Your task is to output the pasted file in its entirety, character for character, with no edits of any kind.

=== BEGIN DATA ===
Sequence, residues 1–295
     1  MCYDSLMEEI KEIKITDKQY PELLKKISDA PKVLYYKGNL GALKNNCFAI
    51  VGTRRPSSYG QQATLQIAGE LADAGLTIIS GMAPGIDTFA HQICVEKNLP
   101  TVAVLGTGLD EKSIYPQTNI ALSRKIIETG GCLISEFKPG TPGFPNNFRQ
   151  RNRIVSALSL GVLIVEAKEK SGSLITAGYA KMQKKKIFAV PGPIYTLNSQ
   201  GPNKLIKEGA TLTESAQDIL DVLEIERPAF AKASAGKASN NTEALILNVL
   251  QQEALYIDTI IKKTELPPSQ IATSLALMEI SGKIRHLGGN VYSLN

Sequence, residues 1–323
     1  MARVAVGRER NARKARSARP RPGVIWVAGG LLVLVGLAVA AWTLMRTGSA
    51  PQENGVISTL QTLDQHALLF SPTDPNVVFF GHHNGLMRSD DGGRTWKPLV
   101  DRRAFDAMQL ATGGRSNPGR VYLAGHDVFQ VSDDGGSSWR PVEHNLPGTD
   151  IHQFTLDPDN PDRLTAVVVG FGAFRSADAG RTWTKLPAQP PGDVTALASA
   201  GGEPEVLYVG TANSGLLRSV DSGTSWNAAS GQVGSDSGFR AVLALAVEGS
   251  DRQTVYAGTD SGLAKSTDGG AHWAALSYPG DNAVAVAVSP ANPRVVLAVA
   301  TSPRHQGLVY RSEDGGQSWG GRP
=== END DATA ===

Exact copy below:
Sequence, residues 1–295
     1  MCYDSLMEEI KEIKITDKQY PELLKKISDA PKVLYYKGNL GALKNNCFAI
    51  VGTRRPSSYG QQATLQIAGE LADAGLTIIS GMAPGIDTFA HQICVEKNLP
   101  TVAVLGTGLD EKSIYPQTNI ALSRKIIETG GCLISEFKPG TPGFPNNFRQ
   151  RNRIVSALSL GVLIVEAKEK SGSLITAGYA KMQKKKIFAV PGPIYTLNSQ
   201  GPNKLIKEGA TLTESAQDIL DVLEIERPAF AKASAGKASN NTEALILNVL
   251  QQEALYIDTI IKKTELPPSQ IATSLALMEI SGKIRHLGGN VYSLN

Sequence, residues 1–323
     1  MARVAVGRER NARKARSARP RPGVIWVAGG LLVLVGLAVA AWTLMRTGSA
    51  PQENGVISTL QTLDQHALLF SPTDPNVVFF GHHNGLMRSD DGGRTWKPLV
   101  DRRAFDAMQL ATGGRSNPGR VYLAGHDVFQ VSDDGGSSWR PVEHNLPGTD
   151  IHQFTLDPDN PDRLTAVVVG FGAFRSADAG RTWTKLPAQP PGDVTALASA
   201  GGEPEVLYVG TANSGLLRSV DSGTSWNAAS GQVGSDSGFR AVLALAVEGS
   251  DRQTVYAGTD SGLAKSTDGG AHWAALSYPG DNAVAVAVSP ANPRVVLAVA
   301  TSPRHQGLVY RSEDGGQSWG GRP